Study objective: To compare the performance of CT, radio-labeled 18F-fluoro-2-deoxy-D-glucose positron emission tomography (FDG-PET) blinded to CT, and FDG-PET visually correlated with CT, in the detection of N2 metastatic mediastinal lymph nodes (MLN) in patients with non-small cell lung cancer (NSCLC) and to hypothesize how PET could influence our actual mediastinal staging procedures.
Setting: Tertiary university hospital.
Patients and methods: In 50 patients with potentially operable NSCLC, thoracic CT, PET, and invasive surgical staging were performed. Blinded prospective interpretation was performed for each test and compared with surgical pathology results. Abnormalities on each of these staging examinations were recorded on a standard MLN map.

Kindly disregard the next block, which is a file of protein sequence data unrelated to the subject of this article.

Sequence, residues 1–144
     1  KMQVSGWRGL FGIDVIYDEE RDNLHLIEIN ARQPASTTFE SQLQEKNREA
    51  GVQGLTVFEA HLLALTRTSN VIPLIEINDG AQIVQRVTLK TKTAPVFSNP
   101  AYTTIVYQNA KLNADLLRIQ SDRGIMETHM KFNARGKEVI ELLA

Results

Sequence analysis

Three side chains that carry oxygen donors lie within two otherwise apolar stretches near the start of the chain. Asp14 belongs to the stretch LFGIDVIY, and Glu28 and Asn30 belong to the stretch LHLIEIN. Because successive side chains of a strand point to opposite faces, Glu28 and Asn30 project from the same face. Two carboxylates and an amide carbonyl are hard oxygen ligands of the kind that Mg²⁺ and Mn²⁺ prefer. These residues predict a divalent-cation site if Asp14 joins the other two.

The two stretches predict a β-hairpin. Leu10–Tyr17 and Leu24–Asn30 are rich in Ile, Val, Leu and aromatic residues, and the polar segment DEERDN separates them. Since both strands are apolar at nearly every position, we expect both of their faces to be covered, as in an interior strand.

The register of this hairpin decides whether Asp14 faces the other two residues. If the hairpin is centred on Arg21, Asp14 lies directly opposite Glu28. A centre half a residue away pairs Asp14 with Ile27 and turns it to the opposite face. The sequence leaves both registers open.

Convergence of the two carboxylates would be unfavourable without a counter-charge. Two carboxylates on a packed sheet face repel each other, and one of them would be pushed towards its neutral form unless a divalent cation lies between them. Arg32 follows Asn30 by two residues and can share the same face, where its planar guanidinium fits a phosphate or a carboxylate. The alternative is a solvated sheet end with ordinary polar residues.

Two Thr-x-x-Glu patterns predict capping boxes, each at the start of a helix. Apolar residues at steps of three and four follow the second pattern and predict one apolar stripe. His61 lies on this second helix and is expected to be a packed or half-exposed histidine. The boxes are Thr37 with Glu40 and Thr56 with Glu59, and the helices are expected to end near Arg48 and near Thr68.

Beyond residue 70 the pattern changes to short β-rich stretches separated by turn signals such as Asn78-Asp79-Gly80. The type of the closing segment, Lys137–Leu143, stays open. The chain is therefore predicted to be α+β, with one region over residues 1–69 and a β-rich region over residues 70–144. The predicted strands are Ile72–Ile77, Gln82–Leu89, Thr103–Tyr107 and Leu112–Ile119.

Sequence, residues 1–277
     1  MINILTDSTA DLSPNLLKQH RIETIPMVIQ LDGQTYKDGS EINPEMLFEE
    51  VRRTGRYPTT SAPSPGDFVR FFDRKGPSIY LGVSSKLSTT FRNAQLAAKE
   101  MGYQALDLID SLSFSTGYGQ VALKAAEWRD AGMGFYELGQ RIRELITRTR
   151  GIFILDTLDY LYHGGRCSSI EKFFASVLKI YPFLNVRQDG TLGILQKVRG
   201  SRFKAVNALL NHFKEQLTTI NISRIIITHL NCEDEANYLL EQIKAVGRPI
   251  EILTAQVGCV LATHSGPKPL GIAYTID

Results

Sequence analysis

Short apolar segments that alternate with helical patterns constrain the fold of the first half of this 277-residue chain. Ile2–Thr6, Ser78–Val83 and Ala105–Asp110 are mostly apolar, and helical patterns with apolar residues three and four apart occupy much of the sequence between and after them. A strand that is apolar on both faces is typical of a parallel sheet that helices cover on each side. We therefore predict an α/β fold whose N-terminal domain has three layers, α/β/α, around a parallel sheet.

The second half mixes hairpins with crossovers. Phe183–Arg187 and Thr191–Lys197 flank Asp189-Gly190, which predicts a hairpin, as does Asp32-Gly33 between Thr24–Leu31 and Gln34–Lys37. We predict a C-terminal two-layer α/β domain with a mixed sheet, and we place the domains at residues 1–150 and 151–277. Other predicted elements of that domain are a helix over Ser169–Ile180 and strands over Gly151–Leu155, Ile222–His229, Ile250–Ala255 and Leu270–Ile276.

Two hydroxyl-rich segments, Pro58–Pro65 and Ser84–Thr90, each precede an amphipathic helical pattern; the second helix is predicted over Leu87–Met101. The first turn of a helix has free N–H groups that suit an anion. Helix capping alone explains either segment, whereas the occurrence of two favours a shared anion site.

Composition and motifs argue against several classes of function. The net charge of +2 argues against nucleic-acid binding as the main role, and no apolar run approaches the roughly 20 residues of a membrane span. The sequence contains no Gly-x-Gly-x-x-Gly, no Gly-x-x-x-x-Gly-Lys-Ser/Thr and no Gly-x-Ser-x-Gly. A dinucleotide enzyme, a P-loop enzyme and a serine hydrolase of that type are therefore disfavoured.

Results: The sensitivity, specificity, and accuracy in detecting N2 disease of CT was 67%, 59%, and 64%, respectively. Results of PET blinded to CT were significantly better (p=0.004): 67%, 97%, and 88%, respectively. For PET visually correlated with CT, this was 93%, 97%, and 96%, respectively. In 22 patients, both CT and PET were normal, and this was correct in all cases.
Conclusions: PET was significantly more accurate than CT in the MLN staging in NSCLC. Both examinations were complementary, since visual correlation with the anatomic information on CT improved the reader's ability to discriminate between hilar vs subaortic MLN FDG uptake, and between paramediastinal tumor vs tracheobronchial MLN FDG uptake. If the results can be confirmed in larger numbers of patients, PET could reduce the need for invasive surgical staging remarkably.